A group of U.K. researchers have discovered a surprisingly new benefit of sunlight – lowering blood pressure! In a study published in the Journal of Investigative Dermatology, the researchers found that sunlight activates nitric oxide present in large quantities in the skin, which then enters the circulatory system and reduces blood pressure.
Nitric oxide is an important chemical produced by the body, including in blood vessel tissue where it maintains proper relaxation and dilation, key factors for good blood flow.
The researchers are continuing their studies to examine how the amount of sunlight exposure that might reduce high blood pressure, a major risk factor for cardiovascular disease, would affect skin cancer. Deaths from heart disease are far greater than the number attributed to skin cancer. The researchers believe that the benefits to heart health will outweigh the skin cancer risk.
My Viewpoint: One of the most persistent myths is that sunlight is bad for you. Excess sunlight is a problem, but everybody needs some exposure to the sun because it produces vitamin D in the body. This new finding is promising and shows that more than vitamin D is involved.
What this Means to You: A healthy level of nitric oxide is essential. Insufficient nitric oxide can result in constriction of blood vessels and increased risk of clotting. Low levels are associated with a number of disease states, including high blood pressure, obesity, diabetes, and atherosclerosis.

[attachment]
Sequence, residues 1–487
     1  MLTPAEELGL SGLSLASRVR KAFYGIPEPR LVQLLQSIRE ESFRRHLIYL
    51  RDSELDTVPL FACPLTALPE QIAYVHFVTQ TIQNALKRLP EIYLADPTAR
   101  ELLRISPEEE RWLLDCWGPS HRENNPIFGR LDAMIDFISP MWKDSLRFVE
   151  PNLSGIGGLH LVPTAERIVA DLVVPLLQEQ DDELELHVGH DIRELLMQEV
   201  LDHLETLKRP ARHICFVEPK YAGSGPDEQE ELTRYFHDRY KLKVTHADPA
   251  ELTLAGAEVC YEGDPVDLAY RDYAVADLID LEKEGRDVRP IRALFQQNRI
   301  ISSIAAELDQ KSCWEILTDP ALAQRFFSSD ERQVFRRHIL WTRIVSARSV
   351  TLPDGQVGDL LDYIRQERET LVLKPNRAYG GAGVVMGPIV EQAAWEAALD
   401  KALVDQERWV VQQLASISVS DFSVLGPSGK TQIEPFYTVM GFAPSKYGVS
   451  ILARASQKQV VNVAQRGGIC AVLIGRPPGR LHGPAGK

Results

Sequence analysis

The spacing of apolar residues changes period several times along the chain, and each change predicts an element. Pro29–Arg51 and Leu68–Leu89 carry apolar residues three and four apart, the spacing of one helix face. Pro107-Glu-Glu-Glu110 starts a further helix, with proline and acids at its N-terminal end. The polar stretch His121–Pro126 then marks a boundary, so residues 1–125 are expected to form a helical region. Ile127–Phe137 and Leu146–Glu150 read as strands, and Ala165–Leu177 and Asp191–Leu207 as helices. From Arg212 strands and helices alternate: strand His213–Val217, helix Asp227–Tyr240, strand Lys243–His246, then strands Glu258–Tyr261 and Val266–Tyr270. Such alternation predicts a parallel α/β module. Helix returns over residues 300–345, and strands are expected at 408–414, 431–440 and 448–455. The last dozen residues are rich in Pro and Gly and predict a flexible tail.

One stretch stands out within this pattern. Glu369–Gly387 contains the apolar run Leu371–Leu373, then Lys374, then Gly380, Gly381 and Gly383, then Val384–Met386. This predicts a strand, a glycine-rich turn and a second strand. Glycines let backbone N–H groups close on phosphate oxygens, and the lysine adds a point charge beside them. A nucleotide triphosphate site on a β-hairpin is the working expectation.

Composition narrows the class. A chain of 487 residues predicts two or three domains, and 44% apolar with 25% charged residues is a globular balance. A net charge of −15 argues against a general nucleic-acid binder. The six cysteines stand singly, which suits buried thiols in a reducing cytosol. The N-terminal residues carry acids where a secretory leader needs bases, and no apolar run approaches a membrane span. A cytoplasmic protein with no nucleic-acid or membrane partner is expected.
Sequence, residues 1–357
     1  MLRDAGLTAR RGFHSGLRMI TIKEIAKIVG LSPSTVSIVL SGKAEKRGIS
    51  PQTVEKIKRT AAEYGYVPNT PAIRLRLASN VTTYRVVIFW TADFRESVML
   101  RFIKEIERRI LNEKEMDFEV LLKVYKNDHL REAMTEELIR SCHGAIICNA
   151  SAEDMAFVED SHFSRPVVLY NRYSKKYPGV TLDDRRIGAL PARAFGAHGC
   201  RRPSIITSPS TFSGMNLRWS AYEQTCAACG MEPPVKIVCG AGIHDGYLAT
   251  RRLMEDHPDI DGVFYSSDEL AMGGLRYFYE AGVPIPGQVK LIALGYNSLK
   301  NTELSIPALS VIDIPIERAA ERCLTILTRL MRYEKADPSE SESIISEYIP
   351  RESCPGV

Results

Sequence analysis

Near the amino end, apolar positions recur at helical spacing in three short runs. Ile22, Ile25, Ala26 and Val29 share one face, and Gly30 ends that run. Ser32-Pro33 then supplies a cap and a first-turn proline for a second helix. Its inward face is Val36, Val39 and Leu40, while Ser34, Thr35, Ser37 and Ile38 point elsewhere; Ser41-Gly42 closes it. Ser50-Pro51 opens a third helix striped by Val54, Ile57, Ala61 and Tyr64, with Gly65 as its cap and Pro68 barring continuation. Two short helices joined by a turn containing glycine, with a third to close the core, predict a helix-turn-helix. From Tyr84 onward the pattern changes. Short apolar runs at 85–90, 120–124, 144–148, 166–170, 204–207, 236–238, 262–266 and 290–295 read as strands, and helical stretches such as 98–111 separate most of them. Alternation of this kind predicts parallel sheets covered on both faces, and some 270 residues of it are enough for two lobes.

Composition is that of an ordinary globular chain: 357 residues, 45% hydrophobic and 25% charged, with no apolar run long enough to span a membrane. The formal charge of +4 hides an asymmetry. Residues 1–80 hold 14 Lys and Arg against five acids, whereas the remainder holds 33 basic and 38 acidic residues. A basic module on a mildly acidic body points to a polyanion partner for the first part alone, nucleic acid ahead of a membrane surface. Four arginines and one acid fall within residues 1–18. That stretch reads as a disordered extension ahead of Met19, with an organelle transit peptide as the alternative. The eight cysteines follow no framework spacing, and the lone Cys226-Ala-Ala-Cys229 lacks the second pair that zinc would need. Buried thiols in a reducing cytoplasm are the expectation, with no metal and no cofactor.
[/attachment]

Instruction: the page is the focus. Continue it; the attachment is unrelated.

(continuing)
Recommendation: I have always recommended that people get enough sunlight to keep up their vitamin D level, which is important for immune function, calcium absorption, and cardiovascular health. Now there appears to be another good reason for sunlight exposure. Avoiding sunlight is not in the interest of your health. For more information on how to do it safely, check out my sunscreen Myth-Buster.
- Liu D, et al. UVA Irradiation of Human Skin Vasodilates Arterial Vasculature and Lowers Blood Pressure Independently of Nitric Oxide Synthase.J Investig Dermatol. Jan 2014. Published online at http://www.nature.com/jid/journal/v134/n7/full/jid201427a.html
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